As we find our way through the volatile present, manufacturers are making more long-shadow decisions than ever—often without the benefit of updated, fact-based assumptions. Shifting factors are reshaping demand and resources on a daily basis, and the pre-COVID playbook no longer applies. If your goal is to survive the recession and emerge stronger and wiser, you need a playbook on how to proceed.
But how do you forge ahead with certainty in a world that’s anything but? To best determine where we go from here, let’s review where we are and what we indisputably know to be true.
Why the Old Plays No Longer Work
Even before COVID-19, long-held industry assumptions—regarding demand, supply chain, and the workforce—were unraveling. Today, the manufacturing industry is in a state of flux. For example:
- More than one-quarter of the manufacturing workforce is expected to retire over the next decade. How will employers replace these highly-skilled workers, when only 50% of Americans think manufacturing is interesting, rewarding, and safe?
- Manufacturing now holds the smallest share of the U.S. economy in 72 years. How do manufacturers avoid becoming victims of a shrinking industry?
- U.S. manufacturers are grappling with disrupted supply chains and a weakened global economy. How can they plan realistically, when they can’t count on receiving new orders or the supplies to fill them?
What We’ve Learned from Past Recessions
At the onset of an economic downturn, it’s almost reflexive for companies to shift into survival mode—cutting spending, halting R&D, engaging in layoffs. While it’s understandable, evidence suggests that it’s not helpful. Rather, companies that continue to move forward during recessions emerge in considerably stronger positions.
Case in point: researchers from Harvard Business School studied the behavior and outcomes of more than 4,500 companies during a trio of prior slowdowns: 1980-1982, 1990-1991, and 2000-2002. They tracked each company for nine years (three years before, after, and during the recession.) These were their key findings:
- Companies that cut costs deeply didn’t emerge victorious. Only 11% of those that relied solely on layoffs achieved notable success post-downturn.
- Companies that made aggressive investments had a hard time maintaining profitability post-recession, too. Investments took longer than expected to pay for themselves, and some changes alienated customers.
- Companies that did best during and post-recession were those that engaged in a balanced, deliberate process of cutting costs and investing selectively. They reduced expenses by increasing operational efficiency over layoffs, while investing strategically in new assets, R & D and marketing.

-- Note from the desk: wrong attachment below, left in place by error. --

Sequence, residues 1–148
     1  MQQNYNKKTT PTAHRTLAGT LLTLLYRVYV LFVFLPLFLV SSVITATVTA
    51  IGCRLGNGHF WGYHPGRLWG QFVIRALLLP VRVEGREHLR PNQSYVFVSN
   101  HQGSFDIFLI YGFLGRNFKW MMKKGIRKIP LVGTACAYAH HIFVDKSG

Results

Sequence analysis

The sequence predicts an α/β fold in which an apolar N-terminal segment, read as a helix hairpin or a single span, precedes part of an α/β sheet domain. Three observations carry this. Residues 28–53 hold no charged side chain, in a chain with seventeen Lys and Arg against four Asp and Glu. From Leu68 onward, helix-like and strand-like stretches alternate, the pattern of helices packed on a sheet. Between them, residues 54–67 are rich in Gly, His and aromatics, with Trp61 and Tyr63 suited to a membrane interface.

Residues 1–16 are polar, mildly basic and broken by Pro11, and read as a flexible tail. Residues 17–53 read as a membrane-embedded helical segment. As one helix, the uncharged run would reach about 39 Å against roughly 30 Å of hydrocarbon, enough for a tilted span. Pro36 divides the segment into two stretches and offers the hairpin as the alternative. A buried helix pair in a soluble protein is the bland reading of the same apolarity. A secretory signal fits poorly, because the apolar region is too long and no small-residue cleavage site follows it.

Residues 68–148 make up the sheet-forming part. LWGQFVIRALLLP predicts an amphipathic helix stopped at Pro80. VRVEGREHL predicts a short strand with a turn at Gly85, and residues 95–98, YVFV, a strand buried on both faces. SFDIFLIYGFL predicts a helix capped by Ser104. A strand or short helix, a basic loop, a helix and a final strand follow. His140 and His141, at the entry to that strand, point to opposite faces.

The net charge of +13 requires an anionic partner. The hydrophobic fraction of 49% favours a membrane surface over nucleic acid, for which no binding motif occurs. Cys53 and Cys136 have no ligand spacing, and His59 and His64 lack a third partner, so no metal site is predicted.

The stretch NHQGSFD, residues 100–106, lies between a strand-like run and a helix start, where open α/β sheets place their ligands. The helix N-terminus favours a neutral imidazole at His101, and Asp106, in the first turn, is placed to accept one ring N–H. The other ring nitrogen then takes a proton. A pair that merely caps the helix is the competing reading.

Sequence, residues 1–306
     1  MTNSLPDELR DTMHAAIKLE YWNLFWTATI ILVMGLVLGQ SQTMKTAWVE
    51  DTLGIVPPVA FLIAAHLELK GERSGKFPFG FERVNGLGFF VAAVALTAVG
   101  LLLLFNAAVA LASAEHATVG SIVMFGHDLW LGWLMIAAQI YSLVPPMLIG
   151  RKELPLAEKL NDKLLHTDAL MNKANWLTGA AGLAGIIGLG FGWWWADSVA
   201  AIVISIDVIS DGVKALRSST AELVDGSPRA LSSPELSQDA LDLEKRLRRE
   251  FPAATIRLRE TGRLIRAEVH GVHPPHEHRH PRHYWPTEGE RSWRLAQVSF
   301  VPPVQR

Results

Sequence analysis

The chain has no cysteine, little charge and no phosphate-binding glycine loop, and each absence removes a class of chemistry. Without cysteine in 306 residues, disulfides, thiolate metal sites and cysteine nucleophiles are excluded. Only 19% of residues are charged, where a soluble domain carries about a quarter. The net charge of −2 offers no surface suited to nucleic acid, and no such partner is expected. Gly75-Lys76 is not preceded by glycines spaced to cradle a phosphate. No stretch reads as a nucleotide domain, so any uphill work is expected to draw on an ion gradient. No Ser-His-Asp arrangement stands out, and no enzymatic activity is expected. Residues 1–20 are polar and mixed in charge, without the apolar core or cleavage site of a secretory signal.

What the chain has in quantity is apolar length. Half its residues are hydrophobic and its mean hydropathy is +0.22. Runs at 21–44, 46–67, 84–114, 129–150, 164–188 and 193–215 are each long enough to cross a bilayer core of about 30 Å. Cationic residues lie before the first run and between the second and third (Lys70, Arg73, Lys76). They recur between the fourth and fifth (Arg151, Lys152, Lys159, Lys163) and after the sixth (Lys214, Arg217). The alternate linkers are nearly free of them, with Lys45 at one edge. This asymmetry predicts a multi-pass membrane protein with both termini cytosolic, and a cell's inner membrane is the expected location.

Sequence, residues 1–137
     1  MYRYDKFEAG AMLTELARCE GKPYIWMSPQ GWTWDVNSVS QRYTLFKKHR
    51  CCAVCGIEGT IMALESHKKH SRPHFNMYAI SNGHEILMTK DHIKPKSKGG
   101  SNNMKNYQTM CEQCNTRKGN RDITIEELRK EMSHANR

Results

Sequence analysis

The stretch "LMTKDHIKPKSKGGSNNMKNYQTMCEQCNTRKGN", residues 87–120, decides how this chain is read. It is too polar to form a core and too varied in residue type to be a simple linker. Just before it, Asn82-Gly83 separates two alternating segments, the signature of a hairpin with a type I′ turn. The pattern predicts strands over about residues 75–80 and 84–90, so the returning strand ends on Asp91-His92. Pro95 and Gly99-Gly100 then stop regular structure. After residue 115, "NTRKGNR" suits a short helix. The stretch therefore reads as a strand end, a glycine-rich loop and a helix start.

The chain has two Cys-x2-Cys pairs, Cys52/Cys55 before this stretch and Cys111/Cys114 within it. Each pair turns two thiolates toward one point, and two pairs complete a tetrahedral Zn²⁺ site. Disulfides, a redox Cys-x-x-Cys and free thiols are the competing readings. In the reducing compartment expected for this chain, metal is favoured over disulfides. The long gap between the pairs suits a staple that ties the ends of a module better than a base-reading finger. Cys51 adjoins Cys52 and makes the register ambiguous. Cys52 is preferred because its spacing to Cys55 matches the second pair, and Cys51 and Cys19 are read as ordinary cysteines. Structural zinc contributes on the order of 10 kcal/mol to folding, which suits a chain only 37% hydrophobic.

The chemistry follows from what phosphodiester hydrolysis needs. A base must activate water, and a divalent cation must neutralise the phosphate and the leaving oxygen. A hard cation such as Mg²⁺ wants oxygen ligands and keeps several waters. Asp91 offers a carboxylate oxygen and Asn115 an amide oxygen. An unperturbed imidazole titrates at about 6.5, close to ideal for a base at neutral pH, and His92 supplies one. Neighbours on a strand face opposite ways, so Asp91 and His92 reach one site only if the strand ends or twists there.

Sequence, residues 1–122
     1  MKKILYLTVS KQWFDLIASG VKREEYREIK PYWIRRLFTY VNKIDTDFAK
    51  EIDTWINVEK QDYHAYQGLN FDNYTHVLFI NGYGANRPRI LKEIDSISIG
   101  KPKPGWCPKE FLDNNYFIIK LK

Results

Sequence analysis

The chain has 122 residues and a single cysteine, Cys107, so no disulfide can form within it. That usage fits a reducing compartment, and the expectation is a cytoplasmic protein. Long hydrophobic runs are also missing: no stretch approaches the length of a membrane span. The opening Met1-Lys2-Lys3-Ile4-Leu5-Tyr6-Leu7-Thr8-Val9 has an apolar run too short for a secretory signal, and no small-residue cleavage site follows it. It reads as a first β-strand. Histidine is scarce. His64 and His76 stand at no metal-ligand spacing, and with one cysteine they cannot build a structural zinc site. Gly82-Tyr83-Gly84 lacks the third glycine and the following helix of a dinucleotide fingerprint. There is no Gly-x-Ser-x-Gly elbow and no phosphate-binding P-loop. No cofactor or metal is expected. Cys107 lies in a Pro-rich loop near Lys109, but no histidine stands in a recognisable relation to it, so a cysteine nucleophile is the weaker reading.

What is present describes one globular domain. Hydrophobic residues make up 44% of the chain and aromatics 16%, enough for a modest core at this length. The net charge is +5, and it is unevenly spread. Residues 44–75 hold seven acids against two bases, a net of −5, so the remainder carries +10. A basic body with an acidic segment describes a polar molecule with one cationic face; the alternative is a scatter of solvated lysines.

How can manufacturers apply this information?
How Manufacturers Should Navigate the Rest of 2020
Considering what we know, it’s logical to conclude that your next move should be based on these four tenets:
1. Do More with Less Using Data
Now is the time to squeeze the most from existing resources. With depressed demand and margins, operational efficiency is key to survival. This means quickly identifying specific areas of waste and eliminating their root causes, while ensuring high OEE to maintain margin integrity.
Now is the time to push performance and execution through accountability, automation and a full-out war on waste. To do so, you must be able to track the metrics that allow you hold your team accountable and identify the root causes of your problems.
2. Apply a Scientific Approach to Adding Resources
As demand finds its way to the plant floor and the bullwhip-effect is in full force, investing in resources like inventory, workforce, equipment and operating capital require a meticulous, data-based approach. There is little room here for gut decisions. Use a scientific process to justify new resources and investments.
Lean into the uncertainty. Keep asking questions and watching as your hypotheses play out through data. How do you do that? The A3 problem-solving process is a powerful lean manufacturing tool that offers an easy, consistent approach to problem solving.
3. Be Systems-Driven Through Documentation & Process
Operating within a shifting world order—such as materials availability and a newly-structured workforce—requires swift learning cycles. Not only do you need to quickly ascertain what works and what doesn’t, you need to document your findings for your future workforce. Don’t operate ad-hoc or rely on tribal memory; develop a system for documenting what works and doesn’t.
4. Be Ready to Seize Opportunities
Remember, volatility creates opportunity. Use the disruption to pounce on rare opportunities that present themselves, such as:
- Reshoring demands – Are there in-demand industries that are largely unavailable globally that you can make domestically, such as medical and automotive?
- The availability of skilled labor – If your local competitors or depresses-industries have laid-off some experienced workers, can you take advantage of that talent surplus?
- New product segments – COVID has created new opportunities, too. Consider, for example, the products in demand by people exercising at their home. How can you respond?
- Digital transformation – Many manufacturers were in the process of acquiring technology when COVID struck. If you’re in a position to make those acquisitions now, you may benefit from lower pricing and faster implementation schedules.
While there is no silver bullet in a 2020 manufacturing playbook — for proactive manufacturers, the market is there for the taking by maximizing existing resources. It starts by connecting with the reality of your business through accurate data, and implementing a scientific improvement system. From achieving OEE to doing more with less, Amper can help you get started. Let us show you how.